Bioinformatics methods have identified enhancers that mediate restricted expression in the Drosophila embryo. However, only a small fraction of the predicted enhancers actually work when tested in vivo. In the present study, co-regulated neurogenic enhancers that are activated by intermediate levels of the Dorsal regulatory gradient are shown to contain several shared sequence motifs. These motifs permitted the identification of new neurogenic enhancers with high precision: five out of seven predicted enhancers direct restricted expression within ventral regions of the neurogenic ectoderm. Mutations in some of the shared motifs disrupt enhancer function, and evidence is presented that the Twist and Su(H) regulatory proteins are essential for the specification of the ventral neurogenic ectoderm prior to gastrulation. The regulatory model of neurogenic gene expression defined in this study permitted the identification of a neurogenic enhancer in the distant Anopheles genome. We discuss the prospects for deciphering regulatory codes that link primary DNA sequence information with predicted patterns of gene expression.
Comparative genome analyses have revealed remarkable constancy in the genetic composition of different animals. Vertebrates contain an average of 25,000 to 30,000 protein-coding genes, and most of these genes can be aligned with one another even among distantly related groups (e.g. Mural et al., 2002; Aparicio et al., 2002). This constancy extends to invertebrates. Although vertebrates contain about twice the number of genes as invertebrates, this increase in number is primarily due to the duplication of `old' genes rather than the invention of new ones (e.g. Dehal et al., 2002). Thus, it would appear that animal diversity depends on the differential expression of a common set of genes during evolution.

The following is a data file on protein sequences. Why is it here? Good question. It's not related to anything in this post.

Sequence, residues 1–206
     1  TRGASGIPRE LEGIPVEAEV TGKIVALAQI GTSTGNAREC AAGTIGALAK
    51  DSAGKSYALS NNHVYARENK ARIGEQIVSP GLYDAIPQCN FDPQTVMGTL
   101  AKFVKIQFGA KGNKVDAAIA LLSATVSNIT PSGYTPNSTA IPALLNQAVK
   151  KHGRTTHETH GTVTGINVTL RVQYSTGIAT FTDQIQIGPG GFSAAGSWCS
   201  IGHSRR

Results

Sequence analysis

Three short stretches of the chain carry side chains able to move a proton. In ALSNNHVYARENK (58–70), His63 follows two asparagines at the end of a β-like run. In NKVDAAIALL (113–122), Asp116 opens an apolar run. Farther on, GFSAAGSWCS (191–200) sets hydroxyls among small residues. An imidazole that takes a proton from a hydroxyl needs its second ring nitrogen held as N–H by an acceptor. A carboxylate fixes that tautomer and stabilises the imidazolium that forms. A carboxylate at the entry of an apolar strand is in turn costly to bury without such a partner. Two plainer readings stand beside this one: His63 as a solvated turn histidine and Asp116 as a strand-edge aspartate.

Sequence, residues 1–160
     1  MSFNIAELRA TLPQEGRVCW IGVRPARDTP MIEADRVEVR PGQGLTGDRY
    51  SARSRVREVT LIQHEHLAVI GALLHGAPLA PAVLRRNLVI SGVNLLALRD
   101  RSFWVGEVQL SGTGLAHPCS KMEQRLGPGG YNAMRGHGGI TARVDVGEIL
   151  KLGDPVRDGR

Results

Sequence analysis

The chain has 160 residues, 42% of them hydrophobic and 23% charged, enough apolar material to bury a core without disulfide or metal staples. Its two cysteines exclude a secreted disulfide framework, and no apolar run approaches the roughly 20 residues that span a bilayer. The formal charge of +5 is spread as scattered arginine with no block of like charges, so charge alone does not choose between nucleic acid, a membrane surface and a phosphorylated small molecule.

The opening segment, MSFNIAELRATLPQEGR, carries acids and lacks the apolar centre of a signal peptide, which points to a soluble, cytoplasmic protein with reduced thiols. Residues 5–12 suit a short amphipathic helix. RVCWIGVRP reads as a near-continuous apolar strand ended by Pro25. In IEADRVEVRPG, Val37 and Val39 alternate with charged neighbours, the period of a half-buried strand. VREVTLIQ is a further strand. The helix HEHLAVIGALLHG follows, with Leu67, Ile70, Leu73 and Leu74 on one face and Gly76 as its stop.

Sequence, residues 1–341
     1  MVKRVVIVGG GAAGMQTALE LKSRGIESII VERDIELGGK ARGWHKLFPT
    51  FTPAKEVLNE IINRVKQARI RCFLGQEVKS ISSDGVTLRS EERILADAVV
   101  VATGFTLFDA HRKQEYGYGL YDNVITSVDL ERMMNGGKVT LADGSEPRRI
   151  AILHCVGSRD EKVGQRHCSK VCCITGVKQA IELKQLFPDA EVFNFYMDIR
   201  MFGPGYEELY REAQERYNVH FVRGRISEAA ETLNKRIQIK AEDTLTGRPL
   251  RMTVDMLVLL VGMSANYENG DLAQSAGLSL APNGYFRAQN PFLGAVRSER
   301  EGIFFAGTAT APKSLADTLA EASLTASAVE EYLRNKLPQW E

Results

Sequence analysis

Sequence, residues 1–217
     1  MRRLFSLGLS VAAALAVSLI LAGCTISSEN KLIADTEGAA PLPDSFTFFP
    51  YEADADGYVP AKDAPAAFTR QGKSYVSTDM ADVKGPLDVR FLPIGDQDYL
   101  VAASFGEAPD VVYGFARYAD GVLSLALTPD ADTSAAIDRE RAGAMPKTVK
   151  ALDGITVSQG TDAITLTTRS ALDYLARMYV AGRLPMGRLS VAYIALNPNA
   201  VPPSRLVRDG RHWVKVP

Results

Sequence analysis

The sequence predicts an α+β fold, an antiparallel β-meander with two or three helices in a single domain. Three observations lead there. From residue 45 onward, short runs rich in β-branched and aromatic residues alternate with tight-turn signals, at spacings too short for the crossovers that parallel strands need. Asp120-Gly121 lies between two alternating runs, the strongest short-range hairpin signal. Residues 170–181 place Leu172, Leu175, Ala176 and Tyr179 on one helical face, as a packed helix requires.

Differential gene activity is primarily controlled by enhancers, which are typically 500 bp in length and contain roughly ten binding sites for two or more sequence-specific transcription factors (reviewed by Levine and Tjian, 2003). The total number of enhancers might be a critical determinant of organismal complexity. Based on well-characterized genes such as even skippedand fushi tarazu, which are regulated by multiple enhancers, one might estimate the Drosophila genome to contain 30,000-50,000 enhancers (e.g. Davidson,2001). The use of comparative genome methods to understand animal diversity would be greatly facilitated by the existence of `cis-regulatory codes' that link DNA sequence data with inferred patterns of gene activity. The dorsoventral patterning of the early Drosophila embryo provides a well-defined system for applying computational methods to the problem of predicting gene activity from DNA sequence information(Markstein et al., 2002; Markstein and Levine,2002).
Dorsoventral patterning is controlled by the sequence-specific transcription factor Dorsal (reviewed by Stathopoulos and Levine,2002). The Dorsal protein is distributed in a broad nuclear gradient in the early embryo, with peak levels in ventral regions, and progressively lower levels in more lateral and dorsal regions. This regulatory gradient initiates the differentiation of several embryonic tissues by regulating the expression of over 30 target genes in a concentration-dependent fashion (e.g. Casal and Leptin,1996; Stathopoulos et al.,2002). Some of these target genes are activated by high levels of the Dorsal gradient within the presumptive mesoderm, whereas others are activated by intermediate or low levels of the gradient in ventral and dorsal regions of the neurogenic ectoderm, respectively. Previous studies identified seven of the estimated 30 Dorsal target enhancers in the Drosophilagenome (reviewed by Rusch and Levine,1996; Stathopoulos and Levine,2002). Their analysis raised the possibility that co-regulated enhancers responding to the same levels of the Dorsal gradient share a distinctive combination of cis-regulatory elements(Stathopoulos et al.,2002).